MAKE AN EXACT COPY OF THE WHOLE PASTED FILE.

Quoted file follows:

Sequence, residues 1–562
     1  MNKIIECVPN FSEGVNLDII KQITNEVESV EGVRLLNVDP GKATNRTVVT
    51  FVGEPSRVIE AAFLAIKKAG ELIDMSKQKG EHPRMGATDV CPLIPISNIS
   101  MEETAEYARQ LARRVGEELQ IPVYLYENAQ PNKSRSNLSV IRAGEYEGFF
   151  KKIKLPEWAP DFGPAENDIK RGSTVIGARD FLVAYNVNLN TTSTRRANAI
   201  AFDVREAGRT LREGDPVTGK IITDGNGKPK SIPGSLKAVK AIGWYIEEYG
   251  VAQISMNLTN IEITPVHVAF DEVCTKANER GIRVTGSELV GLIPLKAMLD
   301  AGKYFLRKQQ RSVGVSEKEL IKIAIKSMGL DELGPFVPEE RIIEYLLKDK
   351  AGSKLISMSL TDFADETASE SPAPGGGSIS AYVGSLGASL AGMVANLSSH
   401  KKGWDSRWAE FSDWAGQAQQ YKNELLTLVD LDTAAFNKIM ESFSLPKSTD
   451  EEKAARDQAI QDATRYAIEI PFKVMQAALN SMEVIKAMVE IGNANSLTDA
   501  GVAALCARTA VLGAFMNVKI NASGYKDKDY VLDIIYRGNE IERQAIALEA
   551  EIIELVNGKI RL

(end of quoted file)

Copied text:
Sequence, residues 1–562
     1  MNKIIECVPN FSEGVNLDII KQITNEVESV EGVRLLNVDP GKATNRTVVT
    51  FVGEPSRVIE AAFLAIKKAG ELIDMSKQKG EHPRMGATDV CPLIPISNIS
   101  MEETAEYARQ LARRVGEELQ IPVYLYENAQ PNKSRSNLSV IRAGEYEGFF
   151  KKIKLPEWAP DFGPAENDIK RGSTVIGARD FLVAYNVNLN TTSTRRANAI
   201  AFDVREAGRT LREGDPVTGK IITDGNGKPK SIPGSLKAVK AIGWYIEEYG
   251  VAQISMNLTN IEITPVHVAF DEVCTKANER GIRVTGSELV GLIPLKAMLD
   301  AGKYFLRKQQ RSVGVSEKEL IKIAIKSMGL DELGPFVPEE RIIEYLLKDK
   351  AGSKLISMSL TDFADETASE SPAPGGGSIS AYVGSLGASL AGMVANLSSH
   401  KKGWDSRWAE FSDWAGQAQQ YKNELLTLVD LDTAAFNKIM ESFSLPKSTD
   451  EEKAARDQAI QDATRYAIEI PFKVMQAALN SMEVIKAMVE IGNANSLTDA
   501  GVAALCARTA VLGAFMNVKI NASGYKDKDY VLDIIYRGNE IERQAIALEA
   551  EIIELVNGKI RL